Old friends ask about Mexico

articles Living, Working, Retiring

Maggie Van Ostrand

A Balloon in Cactus

A pair of old friends from New York dropped in to see me for a couple of days. First thing I have to tell you is that we hadn’t seen each other in over twenty years. Second thing is that they thought my having lived in Mexico for four years while still maintaining a home there, was the most interesting thing about me. And they’re right.

Before we even finished lunch here in my cabin in the Las Padres National Forest, they just had to ask the Big Question. No, it had nothing to do with how we looked, had we changed, what had we been doing all that time, how were our kids, or anything like that.

It was “What’s it like in Mexico?” followed by “Weren’t you scared?” and “Don’t they kidnap you there?”

In case anyone reading this publication is wondering the same things, here’s what I told my friends:

Mexico is indescribably beautiful, but I’ll try to describe it anyway. The flowers are more colorful, the gardens more divine, and the weather more stable than anyplace else except maybe heaven. Well, okay, maybe Hawaii, too.

You can’t be lonely in Ajijic unless you want to be, because the Lake Chapala Society is there to answer questions and offer help. Besides, there’s more social life in that little Village by the Lake than in New York City, if you want it.

You don’t have to speak Spanish, though it would be respectful to Mexicans if you learned at least a little. Spanish lessons are plentiful and made quite easy. Know how wonderful it is when foreigners come to the U.S. and try hard to speak English? It’s the same thing in reverse.

The toll roads are at least as good as the highways and freeways in the U.S.A., and the roadside food and rest stations are clean, attractive, and have grassy areas to walk your dog. Or your husband, if he needs walking.

If your car breaks down, you don’t have to wait longer than a couple of hours until a Green Angel comes along. They will repair your vehicle if at all possible, at no charge (except for parts).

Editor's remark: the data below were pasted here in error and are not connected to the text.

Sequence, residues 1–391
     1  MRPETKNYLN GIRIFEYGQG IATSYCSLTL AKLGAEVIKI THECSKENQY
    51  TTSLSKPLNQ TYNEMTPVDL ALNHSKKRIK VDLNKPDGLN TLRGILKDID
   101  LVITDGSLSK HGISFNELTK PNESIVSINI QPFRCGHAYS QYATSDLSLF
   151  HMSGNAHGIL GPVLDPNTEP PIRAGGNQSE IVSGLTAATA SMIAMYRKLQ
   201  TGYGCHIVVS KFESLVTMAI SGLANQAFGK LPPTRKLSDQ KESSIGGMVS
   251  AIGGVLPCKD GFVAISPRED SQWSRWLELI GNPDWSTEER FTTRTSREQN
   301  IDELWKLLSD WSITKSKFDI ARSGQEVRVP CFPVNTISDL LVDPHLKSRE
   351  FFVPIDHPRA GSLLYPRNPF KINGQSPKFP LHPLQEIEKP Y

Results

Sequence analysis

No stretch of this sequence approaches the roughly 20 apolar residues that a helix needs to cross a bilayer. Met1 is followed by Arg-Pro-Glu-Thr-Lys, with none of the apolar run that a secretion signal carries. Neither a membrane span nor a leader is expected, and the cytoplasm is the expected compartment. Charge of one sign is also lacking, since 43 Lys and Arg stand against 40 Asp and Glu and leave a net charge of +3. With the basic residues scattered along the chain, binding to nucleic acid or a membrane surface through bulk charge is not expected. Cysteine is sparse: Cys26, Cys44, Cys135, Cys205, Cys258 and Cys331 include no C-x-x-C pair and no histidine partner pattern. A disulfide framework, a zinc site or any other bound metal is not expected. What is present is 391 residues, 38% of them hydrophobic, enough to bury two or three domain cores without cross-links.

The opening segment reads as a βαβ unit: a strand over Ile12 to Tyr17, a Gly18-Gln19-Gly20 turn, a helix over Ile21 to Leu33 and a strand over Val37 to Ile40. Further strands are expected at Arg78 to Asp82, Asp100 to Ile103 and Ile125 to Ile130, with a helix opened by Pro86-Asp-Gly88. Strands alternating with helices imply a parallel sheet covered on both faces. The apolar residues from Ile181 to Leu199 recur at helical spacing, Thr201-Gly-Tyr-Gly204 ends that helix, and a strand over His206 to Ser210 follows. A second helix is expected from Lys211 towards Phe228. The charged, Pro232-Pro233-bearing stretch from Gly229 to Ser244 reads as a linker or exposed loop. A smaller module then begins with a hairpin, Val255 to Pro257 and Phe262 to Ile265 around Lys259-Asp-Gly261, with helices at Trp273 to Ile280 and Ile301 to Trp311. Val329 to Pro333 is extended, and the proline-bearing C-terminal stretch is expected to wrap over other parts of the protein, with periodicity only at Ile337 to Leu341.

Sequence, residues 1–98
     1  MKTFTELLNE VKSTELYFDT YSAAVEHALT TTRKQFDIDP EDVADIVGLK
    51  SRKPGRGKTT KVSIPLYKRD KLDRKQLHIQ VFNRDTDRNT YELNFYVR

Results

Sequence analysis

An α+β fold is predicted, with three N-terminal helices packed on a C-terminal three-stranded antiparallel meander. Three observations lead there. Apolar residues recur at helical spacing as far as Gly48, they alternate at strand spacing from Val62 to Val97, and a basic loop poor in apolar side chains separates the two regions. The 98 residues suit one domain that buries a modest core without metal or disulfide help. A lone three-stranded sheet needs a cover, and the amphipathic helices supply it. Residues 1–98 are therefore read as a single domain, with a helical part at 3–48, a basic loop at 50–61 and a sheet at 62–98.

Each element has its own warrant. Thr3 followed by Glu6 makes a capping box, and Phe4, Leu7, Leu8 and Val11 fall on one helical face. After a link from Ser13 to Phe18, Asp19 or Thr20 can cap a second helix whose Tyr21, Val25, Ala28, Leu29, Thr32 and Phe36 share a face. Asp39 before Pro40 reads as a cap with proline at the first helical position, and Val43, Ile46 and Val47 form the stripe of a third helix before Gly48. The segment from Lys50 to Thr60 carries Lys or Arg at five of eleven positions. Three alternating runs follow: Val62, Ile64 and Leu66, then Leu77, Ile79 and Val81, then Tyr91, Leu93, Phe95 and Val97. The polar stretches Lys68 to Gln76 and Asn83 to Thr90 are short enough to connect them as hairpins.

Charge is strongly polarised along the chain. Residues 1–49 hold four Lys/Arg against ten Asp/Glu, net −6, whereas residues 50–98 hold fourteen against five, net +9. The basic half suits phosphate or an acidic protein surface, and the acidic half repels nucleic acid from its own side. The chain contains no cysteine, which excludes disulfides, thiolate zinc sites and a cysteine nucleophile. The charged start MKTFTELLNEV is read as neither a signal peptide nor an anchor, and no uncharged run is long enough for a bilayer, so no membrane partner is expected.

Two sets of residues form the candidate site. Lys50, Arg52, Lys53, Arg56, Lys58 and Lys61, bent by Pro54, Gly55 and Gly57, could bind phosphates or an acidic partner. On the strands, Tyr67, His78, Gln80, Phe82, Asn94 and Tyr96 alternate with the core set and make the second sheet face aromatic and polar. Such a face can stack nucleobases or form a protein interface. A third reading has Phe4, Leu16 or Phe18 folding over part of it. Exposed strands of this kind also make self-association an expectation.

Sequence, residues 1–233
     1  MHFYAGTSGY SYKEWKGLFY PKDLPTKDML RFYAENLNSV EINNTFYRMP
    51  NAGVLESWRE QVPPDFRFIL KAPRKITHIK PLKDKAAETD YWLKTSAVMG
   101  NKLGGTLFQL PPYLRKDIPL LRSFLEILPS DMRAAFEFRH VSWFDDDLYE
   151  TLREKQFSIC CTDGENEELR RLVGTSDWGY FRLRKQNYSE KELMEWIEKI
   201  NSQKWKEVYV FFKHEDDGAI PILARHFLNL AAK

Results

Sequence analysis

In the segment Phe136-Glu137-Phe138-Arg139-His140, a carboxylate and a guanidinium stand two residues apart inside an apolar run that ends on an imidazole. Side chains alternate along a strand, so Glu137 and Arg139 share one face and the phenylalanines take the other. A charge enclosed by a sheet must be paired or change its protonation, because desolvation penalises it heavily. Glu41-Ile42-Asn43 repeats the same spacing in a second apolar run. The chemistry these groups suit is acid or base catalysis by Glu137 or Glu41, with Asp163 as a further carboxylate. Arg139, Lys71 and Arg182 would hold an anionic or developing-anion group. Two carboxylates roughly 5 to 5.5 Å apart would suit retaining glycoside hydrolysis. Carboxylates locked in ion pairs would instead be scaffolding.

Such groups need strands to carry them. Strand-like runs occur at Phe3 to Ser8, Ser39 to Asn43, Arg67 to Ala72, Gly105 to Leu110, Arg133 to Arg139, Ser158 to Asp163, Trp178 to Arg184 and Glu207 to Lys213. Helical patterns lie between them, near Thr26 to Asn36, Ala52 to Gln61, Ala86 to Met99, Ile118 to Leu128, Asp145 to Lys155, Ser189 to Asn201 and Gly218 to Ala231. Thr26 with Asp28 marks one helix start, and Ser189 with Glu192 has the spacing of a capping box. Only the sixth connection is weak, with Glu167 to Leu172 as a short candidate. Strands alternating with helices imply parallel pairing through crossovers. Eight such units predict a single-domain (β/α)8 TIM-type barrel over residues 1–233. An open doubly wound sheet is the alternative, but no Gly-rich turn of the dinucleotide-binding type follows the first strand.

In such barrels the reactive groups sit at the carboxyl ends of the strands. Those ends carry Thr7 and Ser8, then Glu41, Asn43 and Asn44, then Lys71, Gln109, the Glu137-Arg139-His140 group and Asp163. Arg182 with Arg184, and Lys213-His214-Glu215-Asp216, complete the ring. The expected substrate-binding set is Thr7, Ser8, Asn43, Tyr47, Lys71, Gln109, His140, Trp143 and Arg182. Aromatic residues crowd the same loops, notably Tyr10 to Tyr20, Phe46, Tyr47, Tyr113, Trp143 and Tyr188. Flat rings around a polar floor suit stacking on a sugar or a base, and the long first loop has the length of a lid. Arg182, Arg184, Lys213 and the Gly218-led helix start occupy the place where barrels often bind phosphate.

Should you get a speeding ticket and a policeman offers to take care of it for you, let him. It will save you the time of going to court maybe that day or the next, and what do you care if he uses the money you give to actually pay the ticket or feed his family? Either way, you can be on your way.

You can buy anything in Ajijic you want except a few things which you can get in Guadalajara. Lacking a car or courage to drive a rental car to The Big City, you can get to Guadalajara by taxi. If you take the same one I did and it’s raining, watch the driver hang out the window swiping at the windshield with a red rag because the wipers haven’t worked since 1955. This is better than TV.

Speaking of TV, you can get satellite TV (large or small dish), and check out videos at the Lake Chapala Society Video Library. Again, anything you have at home, you can get in Ajijic.

There are several excellent realtors to help visitors find a house to rent until a decision is made to buy. While the realtors are looking for a rental, you can stay at one of the many fine small hotels in the area. My favorite has always been La Nueva Posada, owned and operated by the Eager Family. I consider this hotel to be one of the best anywhere in Mexico, Canada, or the U.S.A.

Mexican food in Mexico is so much better than Mexican food in other countries that I can only attribute it to fantastic cooking and fresh ingredients. As to the water, buy bottled water which is available in the well-stocked grocery stores in Ajijic and is every bit as good as you can get at home. You can also have it delivered.

For hair and nails, there’s Yoly’s. She’s the Chicago-trained stylist/colorist whose talent can be compared to anyone anywhere. Hers isn’t the only beauty shop, but she’s the one I go to.

Banking is made simple by Aurora Michel, of Operadora de Fondos Lloyd. And she has the best legs in town, too, so if your husband insists on doing the banking, better watch out.

I have never been kidnapped and I don’t know of anyone personally who has been. Danger lurks in big cities, though, and wariness should be part of any visit to one, in any country.

In Ajijic, there are computer repair people, people to help you with Mexican drivers’ licenses, FM-3s and other paperwork, wonderful bakeries, restaurants, even a chicken emporium.

In short, you’ll want for nothing in Mexico, nothing at all.

Except perhaps to wonder why you didn’t move there before.

Published or Updated on: November 1, 2004 by Maggie Van Ostrand © 2004
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